The safety communication, dated Oct. 11, involved STAR total ankle replacements distributed before Aug. 1, 2014 — about the same time that Stryker acquired Small Bone Innovations and STAR (Scandinavian Total Ankle Replacement).
Stryker officials said they identified a 13.79% polyethylene fracture rate at the eight-year followup in the post-approval study for the device. They also found more than 100 polyethylene fractures reported in the FDA MDR database.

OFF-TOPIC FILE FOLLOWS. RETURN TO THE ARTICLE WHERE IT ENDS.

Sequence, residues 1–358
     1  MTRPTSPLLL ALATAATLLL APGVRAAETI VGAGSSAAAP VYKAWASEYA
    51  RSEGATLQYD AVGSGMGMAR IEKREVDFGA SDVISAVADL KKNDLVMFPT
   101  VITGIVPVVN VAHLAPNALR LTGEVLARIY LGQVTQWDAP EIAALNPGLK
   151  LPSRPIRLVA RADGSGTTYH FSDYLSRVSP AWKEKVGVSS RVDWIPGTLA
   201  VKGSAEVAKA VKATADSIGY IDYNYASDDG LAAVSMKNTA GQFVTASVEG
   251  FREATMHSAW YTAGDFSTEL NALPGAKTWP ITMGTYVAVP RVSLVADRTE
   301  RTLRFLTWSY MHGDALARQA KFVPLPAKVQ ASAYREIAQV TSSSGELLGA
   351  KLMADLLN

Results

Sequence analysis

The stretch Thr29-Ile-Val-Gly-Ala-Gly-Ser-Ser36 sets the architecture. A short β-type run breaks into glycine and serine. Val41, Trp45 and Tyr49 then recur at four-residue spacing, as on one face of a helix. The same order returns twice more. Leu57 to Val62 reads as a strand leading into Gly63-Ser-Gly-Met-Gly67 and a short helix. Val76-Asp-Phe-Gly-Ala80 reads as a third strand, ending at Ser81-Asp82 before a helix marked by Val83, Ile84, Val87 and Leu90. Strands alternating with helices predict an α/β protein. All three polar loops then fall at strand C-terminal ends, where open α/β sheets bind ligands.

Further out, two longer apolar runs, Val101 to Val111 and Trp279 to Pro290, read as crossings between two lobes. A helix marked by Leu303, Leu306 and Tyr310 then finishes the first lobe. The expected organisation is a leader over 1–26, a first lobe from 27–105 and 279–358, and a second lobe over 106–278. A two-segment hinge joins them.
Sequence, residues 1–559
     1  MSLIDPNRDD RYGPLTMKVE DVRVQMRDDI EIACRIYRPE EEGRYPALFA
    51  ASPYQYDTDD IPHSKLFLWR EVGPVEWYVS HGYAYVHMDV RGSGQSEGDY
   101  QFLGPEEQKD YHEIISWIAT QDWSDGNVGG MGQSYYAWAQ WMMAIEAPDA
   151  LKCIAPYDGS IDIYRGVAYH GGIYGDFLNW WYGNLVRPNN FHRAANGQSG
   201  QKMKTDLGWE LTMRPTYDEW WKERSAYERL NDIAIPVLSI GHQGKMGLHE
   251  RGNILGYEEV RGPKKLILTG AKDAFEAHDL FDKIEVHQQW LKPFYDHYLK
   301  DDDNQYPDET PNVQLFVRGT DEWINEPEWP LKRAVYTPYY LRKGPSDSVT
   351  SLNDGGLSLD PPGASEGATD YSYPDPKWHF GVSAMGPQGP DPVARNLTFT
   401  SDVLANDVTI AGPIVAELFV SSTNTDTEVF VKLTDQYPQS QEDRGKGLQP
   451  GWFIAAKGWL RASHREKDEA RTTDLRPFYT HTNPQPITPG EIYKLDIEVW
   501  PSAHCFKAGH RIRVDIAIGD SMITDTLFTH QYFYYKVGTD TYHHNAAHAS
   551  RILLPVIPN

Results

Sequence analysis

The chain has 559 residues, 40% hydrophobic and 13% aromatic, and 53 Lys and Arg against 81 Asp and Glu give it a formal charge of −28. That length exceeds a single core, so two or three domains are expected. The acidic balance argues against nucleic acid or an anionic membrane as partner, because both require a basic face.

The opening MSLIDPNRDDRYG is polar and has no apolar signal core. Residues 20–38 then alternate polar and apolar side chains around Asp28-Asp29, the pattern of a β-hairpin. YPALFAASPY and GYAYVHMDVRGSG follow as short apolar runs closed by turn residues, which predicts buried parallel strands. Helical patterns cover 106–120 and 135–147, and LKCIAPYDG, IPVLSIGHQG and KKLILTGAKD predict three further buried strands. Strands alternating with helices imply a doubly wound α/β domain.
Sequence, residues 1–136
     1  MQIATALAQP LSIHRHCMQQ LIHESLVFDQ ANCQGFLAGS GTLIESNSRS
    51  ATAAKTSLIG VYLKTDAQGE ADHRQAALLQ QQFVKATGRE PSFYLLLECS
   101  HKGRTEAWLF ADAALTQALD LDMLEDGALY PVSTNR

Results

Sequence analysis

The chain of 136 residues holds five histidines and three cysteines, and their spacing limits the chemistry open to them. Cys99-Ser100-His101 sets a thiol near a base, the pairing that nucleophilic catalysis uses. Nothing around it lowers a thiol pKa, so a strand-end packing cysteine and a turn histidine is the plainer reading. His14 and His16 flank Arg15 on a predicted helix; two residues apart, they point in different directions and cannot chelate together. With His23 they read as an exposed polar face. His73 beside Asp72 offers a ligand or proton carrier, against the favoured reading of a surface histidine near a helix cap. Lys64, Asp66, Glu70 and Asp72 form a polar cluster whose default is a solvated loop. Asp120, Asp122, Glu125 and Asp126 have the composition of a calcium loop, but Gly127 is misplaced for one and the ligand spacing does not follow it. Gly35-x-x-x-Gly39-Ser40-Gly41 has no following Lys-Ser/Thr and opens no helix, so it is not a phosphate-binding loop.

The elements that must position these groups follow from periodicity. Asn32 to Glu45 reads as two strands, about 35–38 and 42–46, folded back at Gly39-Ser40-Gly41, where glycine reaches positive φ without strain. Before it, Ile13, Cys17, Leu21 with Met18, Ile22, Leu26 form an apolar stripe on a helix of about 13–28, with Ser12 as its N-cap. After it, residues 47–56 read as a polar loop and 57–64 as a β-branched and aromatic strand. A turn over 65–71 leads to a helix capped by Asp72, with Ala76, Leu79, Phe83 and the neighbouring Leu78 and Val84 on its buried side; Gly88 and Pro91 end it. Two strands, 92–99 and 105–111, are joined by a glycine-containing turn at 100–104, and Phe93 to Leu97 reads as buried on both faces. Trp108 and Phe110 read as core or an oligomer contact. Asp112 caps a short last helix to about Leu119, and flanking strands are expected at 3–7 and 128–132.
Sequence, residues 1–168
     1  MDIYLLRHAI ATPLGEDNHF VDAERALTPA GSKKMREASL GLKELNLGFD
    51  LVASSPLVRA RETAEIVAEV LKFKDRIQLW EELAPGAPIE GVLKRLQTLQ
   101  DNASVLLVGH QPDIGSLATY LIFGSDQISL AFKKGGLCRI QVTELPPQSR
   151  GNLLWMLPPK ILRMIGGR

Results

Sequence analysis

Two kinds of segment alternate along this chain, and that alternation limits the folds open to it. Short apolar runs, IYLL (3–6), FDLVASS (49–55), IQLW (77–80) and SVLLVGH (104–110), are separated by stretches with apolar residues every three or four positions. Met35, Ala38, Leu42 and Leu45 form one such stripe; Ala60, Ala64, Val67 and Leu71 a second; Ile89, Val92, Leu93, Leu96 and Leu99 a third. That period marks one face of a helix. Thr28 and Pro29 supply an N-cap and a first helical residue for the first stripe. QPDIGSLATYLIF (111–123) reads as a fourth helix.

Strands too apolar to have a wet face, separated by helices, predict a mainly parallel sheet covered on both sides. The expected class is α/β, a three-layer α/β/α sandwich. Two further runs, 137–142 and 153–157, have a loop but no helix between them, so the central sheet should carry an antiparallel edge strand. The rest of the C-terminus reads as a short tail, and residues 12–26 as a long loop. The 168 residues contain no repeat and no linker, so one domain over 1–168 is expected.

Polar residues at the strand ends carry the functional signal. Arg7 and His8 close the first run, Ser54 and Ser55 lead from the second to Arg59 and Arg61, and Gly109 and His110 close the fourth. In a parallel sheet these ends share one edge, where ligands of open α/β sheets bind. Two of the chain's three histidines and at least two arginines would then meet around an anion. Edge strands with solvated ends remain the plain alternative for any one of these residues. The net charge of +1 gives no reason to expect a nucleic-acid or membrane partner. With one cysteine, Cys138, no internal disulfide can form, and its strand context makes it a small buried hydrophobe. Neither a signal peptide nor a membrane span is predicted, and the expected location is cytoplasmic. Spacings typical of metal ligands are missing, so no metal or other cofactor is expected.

The rate of fracture problems was substantially more than other total ankle replacements and fixed-bearing total ankle replacements, according to Stryker.
Stryker included a reply form in the communication that it required hospitals and surgeons to return to acknowledge that they are aware of the problem, which can result in significant pain, inflammatory response, soft tissue injury and blistering, and more for people with damaged ankle replacements.
Stryker spokespeople could not be immediately reached for additional comment.